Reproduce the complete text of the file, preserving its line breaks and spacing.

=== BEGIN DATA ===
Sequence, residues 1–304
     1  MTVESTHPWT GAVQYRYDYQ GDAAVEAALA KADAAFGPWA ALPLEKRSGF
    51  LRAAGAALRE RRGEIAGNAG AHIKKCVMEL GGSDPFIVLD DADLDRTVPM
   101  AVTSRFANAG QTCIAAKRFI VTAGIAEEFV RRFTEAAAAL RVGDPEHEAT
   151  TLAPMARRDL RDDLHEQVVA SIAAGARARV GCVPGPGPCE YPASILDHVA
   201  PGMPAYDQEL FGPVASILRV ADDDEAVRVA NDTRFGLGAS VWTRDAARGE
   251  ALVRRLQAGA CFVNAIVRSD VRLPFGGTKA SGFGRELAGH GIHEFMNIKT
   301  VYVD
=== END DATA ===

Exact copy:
Sequence, residues 1–304
     1  MTVESTHPWT GAVQYRYDYQ GDAAVEAALA KADAAFGPWA ALPLEKRSGF
    51  LRAAGAALRE RRGEIAGNAG AHIKKCVMEL GGSDPFIVLD DADLDRTVPM
   101  AVTSRFANAG QTCIAAKRFI VTAGIAEEFV RRFTEAAAAL RVGDPEHEAT
   151  TLAPMARRDL RDDLHEQVVA SIAAGARARV GCVPGPGPCE YPASILDHVA
   201  PGMPAYDQEL FGPVASILRV ADDDEAVRVA NDTRFGLGAS VWTRDAARGE
   251  ALVRRLQAGA CFVNAIVRSD VRLPFGGTKA SGFGRELAGH GIHEFMNIKT
   301  VYVD